Haskins Garden Centre’s in-house plant expert, Alasdair Urquhart, shares his top tips for the best plants to pair together…
Companion planting is one of the easiest ways to maintain a natural balance in your garden. It offers an organic and sustainable approach to gardening, promoting healthier plants, reduced pest and disease pressure, and improving overall garden productivity. Companion planting harnesses the natural interactions between plants to create a thriving garden ecosystem that lives in harmony.
Haskins Garden Centre’s in-house plant expert, Alasdair Urquhart, said: “The method of companion planting is a simple and cost-effective way of creating a harmonious gardening environment. Many companion plants are strongly scented and can benefit neighbouring plants by confusing pests for example. Other companion plants play the role of attracting beneficial insects, for example, ladybirds, which prey on aphids and support the natural environment.”
Beans can use corn as a trellis for support
Beans and corn are an example of two crops that can be mutually beneficial towards each other when planted in the same area of the garden, as the corn offers a natural trellis to support growing bean shoots.
“Beans act to convert nitrogen from the atmosphere into a soluble form in the soil, which is vitally important for the longevity and successful growth of corn. This natural conversion of nitrogen is important for healthy plant development, as the compound is a major component of chlorophyll. Plants use chlorophyll in photosynthesis, the process by which plants convert light energy into chemical energy.
“In return, the corn acts as a form of natural trellis for helping the upward trajectory and stability of the beans growing alongside them. This is a prime example of using the natural partnerships that exist between different plants and flowers to create a successful and attractive vegetable patch.”
Radishes break up the soil to ease the growth of Carrots
In some instances, there are certain plants that make great companions because they don’t compete for the same food sources.
“Carrots and radishes when planted together can form a harmonious relationship because radishes break up the soil, which makes it easier for the carrots planted in the same area to flourish. Small radishes germinate faster and develop quickly, which allows them to work through the soil before the carrots.
“Carrots on the other side, don’t compete with radishes for nutrients. This means they can be planted as companions and won’t act in a detrimental way towards the growth of the other.”
Basil can deter pests from cucumber
Edible plants can also act as protection for other crops in your garden. The strong and aromatic scent emanated by basil acts as a natural repellent for cucumber beetles.
Alasdair says, “Basil can offer a multitude of benefits to any open space. When planted alongside cucumber, the notable scent often enjoyed in cooking or as garnish is confusing to common pests, such as cucumber beetles. Common signs of cucumber beetles being present in your garden include yellowing of the leaves of cucumber plants, which can lead to wilting and further damage to your crop.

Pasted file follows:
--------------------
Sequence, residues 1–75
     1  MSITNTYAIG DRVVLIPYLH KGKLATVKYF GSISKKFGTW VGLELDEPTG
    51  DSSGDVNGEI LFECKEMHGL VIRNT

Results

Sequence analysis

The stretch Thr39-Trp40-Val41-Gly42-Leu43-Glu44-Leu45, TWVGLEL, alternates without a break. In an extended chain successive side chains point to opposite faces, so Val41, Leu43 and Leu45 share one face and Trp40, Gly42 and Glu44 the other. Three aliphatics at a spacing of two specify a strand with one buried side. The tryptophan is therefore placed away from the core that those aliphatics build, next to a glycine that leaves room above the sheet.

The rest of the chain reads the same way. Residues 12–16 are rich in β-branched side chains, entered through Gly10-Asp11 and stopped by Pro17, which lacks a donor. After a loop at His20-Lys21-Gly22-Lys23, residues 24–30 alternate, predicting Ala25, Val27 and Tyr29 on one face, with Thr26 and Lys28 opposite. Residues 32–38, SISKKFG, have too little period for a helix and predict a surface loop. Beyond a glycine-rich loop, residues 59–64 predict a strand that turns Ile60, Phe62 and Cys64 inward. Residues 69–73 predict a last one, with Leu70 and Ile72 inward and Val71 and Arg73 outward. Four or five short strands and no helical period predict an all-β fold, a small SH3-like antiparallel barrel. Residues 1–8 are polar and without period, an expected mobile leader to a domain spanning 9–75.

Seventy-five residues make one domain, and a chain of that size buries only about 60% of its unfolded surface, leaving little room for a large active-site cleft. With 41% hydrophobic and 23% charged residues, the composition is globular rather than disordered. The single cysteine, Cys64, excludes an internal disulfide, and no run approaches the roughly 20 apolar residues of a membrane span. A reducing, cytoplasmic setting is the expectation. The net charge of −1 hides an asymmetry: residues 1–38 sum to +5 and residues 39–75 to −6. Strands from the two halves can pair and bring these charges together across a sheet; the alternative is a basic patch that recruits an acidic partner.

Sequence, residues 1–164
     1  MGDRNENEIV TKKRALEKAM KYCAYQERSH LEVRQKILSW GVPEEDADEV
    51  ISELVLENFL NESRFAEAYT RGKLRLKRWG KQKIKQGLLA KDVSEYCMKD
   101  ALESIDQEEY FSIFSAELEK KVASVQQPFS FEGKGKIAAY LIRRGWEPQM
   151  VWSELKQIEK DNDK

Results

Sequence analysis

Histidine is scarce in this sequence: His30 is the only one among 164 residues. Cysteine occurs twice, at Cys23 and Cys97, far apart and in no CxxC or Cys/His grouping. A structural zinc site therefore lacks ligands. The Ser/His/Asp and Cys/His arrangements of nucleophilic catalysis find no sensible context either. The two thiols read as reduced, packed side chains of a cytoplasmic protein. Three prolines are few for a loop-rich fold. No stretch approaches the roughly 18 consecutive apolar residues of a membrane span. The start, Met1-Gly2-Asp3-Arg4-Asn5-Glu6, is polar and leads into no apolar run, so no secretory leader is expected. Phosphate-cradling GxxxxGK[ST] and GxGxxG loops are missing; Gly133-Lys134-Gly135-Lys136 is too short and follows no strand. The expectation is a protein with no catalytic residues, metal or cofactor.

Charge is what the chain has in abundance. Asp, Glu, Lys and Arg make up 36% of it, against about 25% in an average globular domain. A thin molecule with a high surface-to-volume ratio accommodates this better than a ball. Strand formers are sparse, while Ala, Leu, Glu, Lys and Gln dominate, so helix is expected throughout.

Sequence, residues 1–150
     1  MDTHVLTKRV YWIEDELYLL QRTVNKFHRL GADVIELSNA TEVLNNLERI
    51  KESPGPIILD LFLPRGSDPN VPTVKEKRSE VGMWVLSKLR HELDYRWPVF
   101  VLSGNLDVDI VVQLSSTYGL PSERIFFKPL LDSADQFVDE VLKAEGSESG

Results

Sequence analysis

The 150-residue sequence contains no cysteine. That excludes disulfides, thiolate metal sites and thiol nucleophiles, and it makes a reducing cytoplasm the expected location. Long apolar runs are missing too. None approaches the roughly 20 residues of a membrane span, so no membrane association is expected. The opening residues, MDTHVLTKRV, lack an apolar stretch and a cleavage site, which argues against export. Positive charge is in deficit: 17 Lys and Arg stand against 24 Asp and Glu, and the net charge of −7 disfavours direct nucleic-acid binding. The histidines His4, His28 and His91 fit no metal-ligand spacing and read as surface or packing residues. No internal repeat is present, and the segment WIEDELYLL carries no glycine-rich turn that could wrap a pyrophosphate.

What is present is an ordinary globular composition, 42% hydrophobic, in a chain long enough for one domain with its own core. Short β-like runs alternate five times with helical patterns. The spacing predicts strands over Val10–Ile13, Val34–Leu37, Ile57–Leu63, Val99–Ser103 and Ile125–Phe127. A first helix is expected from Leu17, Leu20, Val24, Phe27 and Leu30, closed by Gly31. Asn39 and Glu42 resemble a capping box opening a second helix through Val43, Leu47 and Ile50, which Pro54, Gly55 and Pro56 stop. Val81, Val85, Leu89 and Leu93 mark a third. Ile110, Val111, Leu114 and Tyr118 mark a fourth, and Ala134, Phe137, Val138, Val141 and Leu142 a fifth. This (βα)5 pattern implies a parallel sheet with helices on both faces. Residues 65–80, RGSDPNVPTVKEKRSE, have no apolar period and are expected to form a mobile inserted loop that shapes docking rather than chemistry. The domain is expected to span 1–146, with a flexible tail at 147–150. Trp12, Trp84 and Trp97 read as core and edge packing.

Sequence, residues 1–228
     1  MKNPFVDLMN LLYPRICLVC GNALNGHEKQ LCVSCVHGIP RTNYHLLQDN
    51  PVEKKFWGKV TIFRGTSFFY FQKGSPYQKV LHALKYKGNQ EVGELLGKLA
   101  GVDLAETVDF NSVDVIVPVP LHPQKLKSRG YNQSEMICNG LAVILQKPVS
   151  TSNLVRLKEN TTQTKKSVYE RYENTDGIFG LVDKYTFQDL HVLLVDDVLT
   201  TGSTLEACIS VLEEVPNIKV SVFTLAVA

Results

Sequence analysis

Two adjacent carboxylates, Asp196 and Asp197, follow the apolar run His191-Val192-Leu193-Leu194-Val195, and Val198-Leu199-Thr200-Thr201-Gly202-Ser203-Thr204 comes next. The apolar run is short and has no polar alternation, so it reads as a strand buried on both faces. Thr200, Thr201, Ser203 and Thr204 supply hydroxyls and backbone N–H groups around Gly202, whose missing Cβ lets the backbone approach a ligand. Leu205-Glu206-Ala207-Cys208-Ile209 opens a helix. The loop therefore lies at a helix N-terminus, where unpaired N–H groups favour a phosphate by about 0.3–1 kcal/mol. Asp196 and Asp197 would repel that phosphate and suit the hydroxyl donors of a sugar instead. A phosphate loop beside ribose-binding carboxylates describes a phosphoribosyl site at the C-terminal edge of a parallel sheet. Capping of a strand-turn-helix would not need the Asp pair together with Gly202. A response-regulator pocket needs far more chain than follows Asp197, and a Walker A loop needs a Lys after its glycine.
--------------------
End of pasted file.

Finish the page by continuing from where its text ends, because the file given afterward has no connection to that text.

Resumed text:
“Basil not only acts as a deterrent for these pests but can also find benefit from being planted with cucumber, which offers shade to prevent the herb plant from wilting in extended periods of hot weather and persistent sunshine. This mutual benefit can create a highly successful home-grown crop yield, that can then be used across a range of delicious recipes and homemade drinks.”
Lettuce and tomatoes: The perfect double-act
Salad planting in your own garden is a cheap and easy way of adding some natural flavour and variety to your cooking. Lettuce and tomatoes make the perfect companion planting pair. Lettuce functions to suppress weeds which commonly damage tomato plants if left unmonitored.
Alasdair says, “Lettuce and tomato planting in the space is a fantastic example of two plants mutually benefiting from each other. As the lettuce acts as a deterrent for weeds, so the tomato plants offer invaluable shade which can prevent the lettuce from bolting and spoiling your crop yield.
“Creating a healthy plot of home-grown tomatoes not only adds some variety to your garden, but the salad itself also offers numerous health benefits when consumed. Tomatoes are a great source of vitamin C, potassium and vitamin K, and taking your homegrown salad from garden to fork is a great way to add some added nutrients into your summer BBQs.”
Roses can be planted alongside French Marigolds
Aphids are a common pest for roses. Sap-sucking insects such as these can damage roses and lead to plant vigour, distorted growth and transmission of plant viruses that are damaging to your garden.
“French Marigolds always add some delightful colour to any garden. Vibrant yellows and oranges stand out in the summer sunshine, and the sweet-smelling flowers add a beautiful summer fragrance to the garden.
“Planted alongside roses, French Marigolds not only contrast well with the colour palette of these flowers but also deter aphids, allowing your crop to bloom in peace, unfettered by pests. This can create a natural, arrestingly beautiful area of a garden without using chemical pesticides to deter troublesome insects. Marigolds release a chemical (thiophene) that helps control nematodes in soil. Additionally, you must be really careful growing marigolds in clay soils as the slightest waterlogging will suffocate their roots.”
Haskins has five garden centres across the South of England and is celebrating 140 years in the Horticultural industry this year. For more information on Haskins Garden Centres and the huge variety of plants and gardening advice available, please visit: www.haskins.co.uk.